The valuable thing, to my mind, of having a completely algorithmic process is that it's easy to recreate the process exactly. The active expression gets pushed up the chain of causation, as it were, moving from the finished material result to the formal system. This lets variations be produced automatically, which in turn allows the generative process to be connected with other generative processes. Which also starts to get into the aesthetics of systems, a territory that I'm personally interested in.

That said, there is a long history of art generated through following algorithmic steps, with more or less individual variation from the artist. So I think it fits here just fine. The code just has a squishy step that involves inserting a human as glue. (And I'd encourage you to document that step thoroughly, kind of like comments for your own actions for when you look back at it later.)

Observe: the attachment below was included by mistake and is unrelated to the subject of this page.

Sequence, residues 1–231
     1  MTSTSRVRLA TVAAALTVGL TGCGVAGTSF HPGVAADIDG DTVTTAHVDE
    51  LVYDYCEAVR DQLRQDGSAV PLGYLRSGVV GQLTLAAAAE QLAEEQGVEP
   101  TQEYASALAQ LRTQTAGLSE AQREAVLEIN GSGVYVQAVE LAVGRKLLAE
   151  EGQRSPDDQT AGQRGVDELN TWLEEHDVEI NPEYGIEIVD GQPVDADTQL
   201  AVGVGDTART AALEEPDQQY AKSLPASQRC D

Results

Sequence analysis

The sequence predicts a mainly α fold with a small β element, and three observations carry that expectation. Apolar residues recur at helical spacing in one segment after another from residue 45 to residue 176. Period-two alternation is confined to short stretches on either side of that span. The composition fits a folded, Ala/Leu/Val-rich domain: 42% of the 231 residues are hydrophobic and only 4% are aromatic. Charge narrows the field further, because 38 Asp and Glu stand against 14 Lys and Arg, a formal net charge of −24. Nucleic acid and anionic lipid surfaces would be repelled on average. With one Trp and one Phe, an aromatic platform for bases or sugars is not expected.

Hrm. Somebody in here did a google search and kept using it's auto-complete suggestions: https://github.com/edsu/google-the-poem/blob/master/run.js

wordnik synomyms?

What about Wikipedia article links? Crime-novel summaries? 19th century true-crime tabloid headlines? Pulp magazine table of contents? Randomly sampling from a corpus of thematic words (possibly the most unique words culled from your source novels)?

ikarth commented Nov 11, 2014

Ha. But if their authors were truthful, all but the most extreme and conceptual of NaNoGenMo projects mix in a series of specific human aesthetic choices throughout. Does it make a really big difference if those choices congeal as specific if-statements in code that exclude or select for particular situations rather than explicit selections made by a person interactively? As in most things, I think it's important to be skeptical of purity narratives...